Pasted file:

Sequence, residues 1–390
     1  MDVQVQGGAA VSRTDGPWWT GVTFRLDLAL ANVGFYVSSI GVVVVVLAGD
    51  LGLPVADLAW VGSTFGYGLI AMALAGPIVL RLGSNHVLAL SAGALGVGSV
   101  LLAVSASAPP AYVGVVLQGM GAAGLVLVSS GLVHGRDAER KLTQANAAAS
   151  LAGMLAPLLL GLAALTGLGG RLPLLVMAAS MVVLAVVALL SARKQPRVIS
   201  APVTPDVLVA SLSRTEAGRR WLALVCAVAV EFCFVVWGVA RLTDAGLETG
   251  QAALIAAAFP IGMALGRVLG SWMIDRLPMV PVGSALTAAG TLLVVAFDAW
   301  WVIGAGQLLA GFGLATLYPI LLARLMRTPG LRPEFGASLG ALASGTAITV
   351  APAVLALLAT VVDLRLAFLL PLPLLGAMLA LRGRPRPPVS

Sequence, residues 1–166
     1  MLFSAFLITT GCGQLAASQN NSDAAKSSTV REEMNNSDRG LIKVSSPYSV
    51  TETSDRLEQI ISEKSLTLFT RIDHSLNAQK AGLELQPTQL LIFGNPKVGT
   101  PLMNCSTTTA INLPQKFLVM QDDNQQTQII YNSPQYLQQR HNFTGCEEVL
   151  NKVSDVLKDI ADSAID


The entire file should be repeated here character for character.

Sequence, residues 1–390
     1  MDVQVQGGAA VSRTDGPWWT GVTFRLDLAL ANVGFYVSSI GVVVVVLAGD
    51  LGLPVADLAW VGSTFGYGLI AMALAGPIVL RLGSNHVLAL SAGALGVGSV
   101  LLAVSASAPP AYVGVVLQGM GAAGLVLVSS GLVHGRDAER KLTQANAAAS
   151  LAGMLAPLLL GLAALTGLGG RLPLLVMAAS MVVLAVVALL SARKQPRVIS
   201  APVTPDVLVA SLSRTEAGRR WLALVCAVAV EFCFVVWGVA RLTDAGLETG
   251  QAALIAAAFP IGMALGRVLG SWMIDRLPMV PVGSALTAAG TLLVVAFDAW
   301  WVIGAGQLLA GFGLATLYPI LLARLMRTPG LRPEFGASLG ALASGTAITV
   351  APAVLALLAT VVDLRLAFLL PLPLLGAMLA LRGRPRPPVS

Sequence, residues 1–166
     1  MLFSAFLITT GCGQLAASQN NSDAAKSSTV REEMNNSDRG LIKVSSPYSV
    51  TETSDRLEQI ISEKSLTLFT RIDHSLNAQK AGLELQPTQL LIFGNPKVGT
   101  PLMNCSTTTA INLPQKFLVM QDDNQQTQII YNSPQYLQQR HNFTGCEEVL
   151  NKVSDVLKDI ADSAID